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MBA Applicants Wary About Unrestricted Use Of AI In Admissions Essays

Aspiring MBA applicants have mixed views on using generative AI for business school admissions, according to a new survey

Wed May 8 2024

Aspiring MBA students have mixed feelings about the use of Generative AI (GenAI) in business school admissions, according to a new survey by test prep organizations Manhattan Prep and Kaplan.

Over 300 aspiring business school students across the United States participated in the survey, conducted in March and April 2024.

It found significant portions of prospective students had misgivings about the use of AI during admissions. 

Generative AI regulations in business school admissions

While a majority (56%) of respondents agreed that AI should be allowed for admissions essays with certain guidelines in place, on the other hand 20% were against any use of AI in the admissions process. A further 18% believed there should be no restrictions.

“Aspiring MBA students are going to have to take the GMAT exam without the use of GenAI. And they also built up their GPAs without using it either, considering how new the technology is, so it’s not surprising that many think it's necessary for business schools to put guardrails around its use in the admissions process,” said Stacey Koprince, director of content and curriculum at Manhattan Prep, which is owned by Kaplan.

A separate Manhattan Prep and Kaplan survey released earlier this year revealed few business schools have guidelines for how applicants can use AI in their admissions essays.

Generative AI gives applicants an unfair advantage

The survey revealed some concern that AI gives certain applicants an unearned edge.

Half of respondents believed AI essays give applicants with weaker writing skills an unfair advantage, although 32% disagreed and another 18% remained unsure.

“Our results show that many are eager to use GenAI to their advantage if allowed,” said Stacey.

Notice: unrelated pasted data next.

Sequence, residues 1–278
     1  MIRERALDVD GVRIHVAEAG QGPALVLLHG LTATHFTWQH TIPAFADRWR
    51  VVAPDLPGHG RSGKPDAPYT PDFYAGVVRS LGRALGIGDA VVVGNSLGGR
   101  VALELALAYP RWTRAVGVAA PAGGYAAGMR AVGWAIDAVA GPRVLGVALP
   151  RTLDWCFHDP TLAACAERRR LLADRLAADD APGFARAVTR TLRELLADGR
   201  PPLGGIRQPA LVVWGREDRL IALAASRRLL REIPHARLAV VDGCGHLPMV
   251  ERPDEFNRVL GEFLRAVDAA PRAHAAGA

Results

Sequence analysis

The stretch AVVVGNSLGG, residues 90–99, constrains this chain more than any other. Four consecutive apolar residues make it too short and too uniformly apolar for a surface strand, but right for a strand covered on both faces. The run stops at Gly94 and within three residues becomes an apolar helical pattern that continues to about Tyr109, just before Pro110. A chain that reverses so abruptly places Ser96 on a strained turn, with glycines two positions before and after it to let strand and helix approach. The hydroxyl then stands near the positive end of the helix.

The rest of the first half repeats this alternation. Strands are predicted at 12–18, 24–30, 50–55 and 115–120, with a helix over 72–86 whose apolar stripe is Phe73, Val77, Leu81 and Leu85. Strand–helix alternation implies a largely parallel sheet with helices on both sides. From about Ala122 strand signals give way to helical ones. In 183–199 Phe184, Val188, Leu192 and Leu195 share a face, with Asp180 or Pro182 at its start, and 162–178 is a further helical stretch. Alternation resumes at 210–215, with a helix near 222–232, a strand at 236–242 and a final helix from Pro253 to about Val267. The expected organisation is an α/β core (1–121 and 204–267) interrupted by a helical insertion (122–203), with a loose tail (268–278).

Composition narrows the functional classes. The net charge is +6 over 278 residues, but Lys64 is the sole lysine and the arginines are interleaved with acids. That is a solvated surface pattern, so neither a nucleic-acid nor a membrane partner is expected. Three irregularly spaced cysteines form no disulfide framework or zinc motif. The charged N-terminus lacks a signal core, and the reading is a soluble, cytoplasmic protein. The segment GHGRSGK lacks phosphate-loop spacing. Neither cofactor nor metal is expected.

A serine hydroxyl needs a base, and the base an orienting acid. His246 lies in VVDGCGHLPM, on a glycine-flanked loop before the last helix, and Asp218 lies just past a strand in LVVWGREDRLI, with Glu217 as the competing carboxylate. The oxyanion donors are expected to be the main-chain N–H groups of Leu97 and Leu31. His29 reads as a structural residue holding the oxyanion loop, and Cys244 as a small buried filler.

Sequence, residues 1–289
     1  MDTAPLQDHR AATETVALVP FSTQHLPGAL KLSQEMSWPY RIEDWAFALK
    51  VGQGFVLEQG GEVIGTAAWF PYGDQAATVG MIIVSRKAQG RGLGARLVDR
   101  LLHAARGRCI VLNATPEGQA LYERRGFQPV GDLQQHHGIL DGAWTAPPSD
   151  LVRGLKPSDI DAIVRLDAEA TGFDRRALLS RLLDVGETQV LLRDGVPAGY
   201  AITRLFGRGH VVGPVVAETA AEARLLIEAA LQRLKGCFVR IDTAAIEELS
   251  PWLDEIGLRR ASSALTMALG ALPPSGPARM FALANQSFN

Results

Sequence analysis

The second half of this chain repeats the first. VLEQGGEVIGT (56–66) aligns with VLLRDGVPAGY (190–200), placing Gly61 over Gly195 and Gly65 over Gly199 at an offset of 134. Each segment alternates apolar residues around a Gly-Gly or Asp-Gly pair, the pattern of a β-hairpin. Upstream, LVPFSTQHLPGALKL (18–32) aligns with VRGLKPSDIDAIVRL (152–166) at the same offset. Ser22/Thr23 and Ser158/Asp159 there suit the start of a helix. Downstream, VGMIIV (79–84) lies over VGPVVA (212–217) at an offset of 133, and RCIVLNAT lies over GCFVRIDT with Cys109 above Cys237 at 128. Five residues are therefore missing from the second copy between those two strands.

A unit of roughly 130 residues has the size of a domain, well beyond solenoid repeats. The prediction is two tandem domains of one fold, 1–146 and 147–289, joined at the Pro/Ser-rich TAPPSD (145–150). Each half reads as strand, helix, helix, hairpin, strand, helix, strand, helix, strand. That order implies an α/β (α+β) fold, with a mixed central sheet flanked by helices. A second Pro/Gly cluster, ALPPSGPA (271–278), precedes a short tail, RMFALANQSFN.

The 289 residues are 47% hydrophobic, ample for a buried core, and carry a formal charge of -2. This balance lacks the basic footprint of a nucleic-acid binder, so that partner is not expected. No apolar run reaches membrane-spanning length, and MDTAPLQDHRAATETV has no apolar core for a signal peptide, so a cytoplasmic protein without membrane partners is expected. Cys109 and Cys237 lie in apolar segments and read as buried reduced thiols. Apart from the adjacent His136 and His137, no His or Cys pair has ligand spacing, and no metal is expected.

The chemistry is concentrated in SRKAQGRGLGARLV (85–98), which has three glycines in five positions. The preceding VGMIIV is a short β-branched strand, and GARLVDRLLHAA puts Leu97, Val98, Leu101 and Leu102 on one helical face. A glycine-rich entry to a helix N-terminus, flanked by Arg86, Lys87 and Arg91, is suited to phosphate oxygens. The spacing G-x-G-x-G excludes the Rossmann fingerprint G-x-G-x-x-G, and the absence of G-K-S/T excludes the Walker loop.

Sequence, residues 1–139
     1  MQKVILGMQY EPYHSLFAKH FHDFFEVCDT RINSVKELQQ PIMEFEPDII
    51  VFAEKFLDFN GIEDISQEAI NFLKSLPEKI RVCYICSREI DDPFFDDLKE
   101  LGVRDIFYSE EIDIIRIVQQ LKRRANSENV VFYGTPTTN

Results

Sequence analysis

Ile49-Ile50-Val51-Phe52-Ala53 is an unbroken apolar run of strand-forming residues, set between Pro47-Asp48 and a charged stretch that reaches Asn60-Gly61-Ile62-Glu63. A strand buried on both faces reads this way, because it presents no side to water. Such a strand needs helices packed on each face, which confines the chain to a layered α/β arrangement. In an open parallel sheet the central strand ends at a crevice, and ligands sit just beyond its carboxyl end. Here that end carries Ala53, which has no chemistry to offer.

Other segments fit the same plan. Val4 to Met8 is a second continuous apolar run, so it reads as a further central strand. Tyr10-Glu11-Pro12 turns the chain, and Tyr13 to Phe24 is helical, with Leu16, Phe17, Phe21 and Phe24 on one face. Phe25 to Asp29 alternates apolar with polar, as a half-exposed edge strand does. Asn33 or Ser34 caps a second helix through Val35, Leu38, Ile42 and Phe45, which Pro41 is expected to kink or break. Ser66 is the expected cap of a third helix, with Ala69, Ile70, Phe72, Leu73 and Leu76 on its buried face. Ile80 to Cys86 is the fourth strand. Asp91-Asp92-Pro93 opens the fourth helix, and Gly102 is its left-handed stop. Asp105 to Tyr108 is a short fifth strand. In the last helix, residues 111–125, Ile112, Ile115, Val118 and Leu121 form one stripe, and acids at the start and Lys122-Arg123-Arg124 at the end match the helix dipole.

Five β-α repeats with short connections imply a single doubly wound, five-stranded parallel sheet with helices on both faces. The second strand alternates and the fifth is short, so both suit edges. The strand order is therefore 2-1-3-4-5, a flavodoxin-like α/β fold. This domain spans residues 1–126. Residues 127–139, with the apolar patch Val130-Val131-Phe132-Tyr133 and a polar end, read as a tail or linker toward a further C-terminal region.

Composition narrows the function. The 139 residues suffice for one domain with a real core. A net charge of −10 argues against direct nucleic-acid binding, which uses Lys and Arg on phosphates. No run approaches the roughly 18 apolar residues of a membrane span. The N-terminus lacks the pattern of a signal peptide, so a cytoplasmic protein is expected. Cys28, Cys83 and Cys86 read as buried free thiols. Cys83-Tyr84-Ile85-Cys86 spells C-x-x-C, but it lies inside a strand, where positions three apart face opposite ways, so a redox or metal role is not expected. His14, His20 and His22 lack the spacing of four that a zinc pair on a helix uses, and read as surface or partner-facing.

In fact, 60% of participants said they would likely use AI tools if the schools they were applying to allowed it, while 24% said they were unlikely to use it, and 16% weren’t sure.

“Most MBA programs have no policy at all when it comes to allowing applicants to use GenAI in admissions essays, [but] we don’t believe that’s a tenable long-term position, as they will increasingly get questions from prospective students who want to know the boundaries of acceptable use," said Stacey.  

"Our prediction: Many business schools will be developing GenAI policies in the coming year,” she added. 

Generative AI use beyond admissions

The survey also considered student attitudes towards AI use beyond the admissions process.

Two-thirds (67%) believed enrolled students should be allowed to use AI tools at business school, but under certain guidelines and restrictions. Only a small minority (8%) were against any use of AI at business school, while 20% believed its use should be completely unrestricted. The remaining 6% were unsure.

In respondents’ personal and professional lives, just 8% said they “always” used AI, with 25% using it “frequently”, 38% “occasionally”, 19% “rarely” and 10% said “never”.

Elsewhere, a recent study found AI was the most sought-after study area for MBA applicants. 

With a rising demand for AI proficiency in the workplace and the risk of job cuts due to the technology, ambitious professionals are keen for business schools to equip them for the evolving business landscape.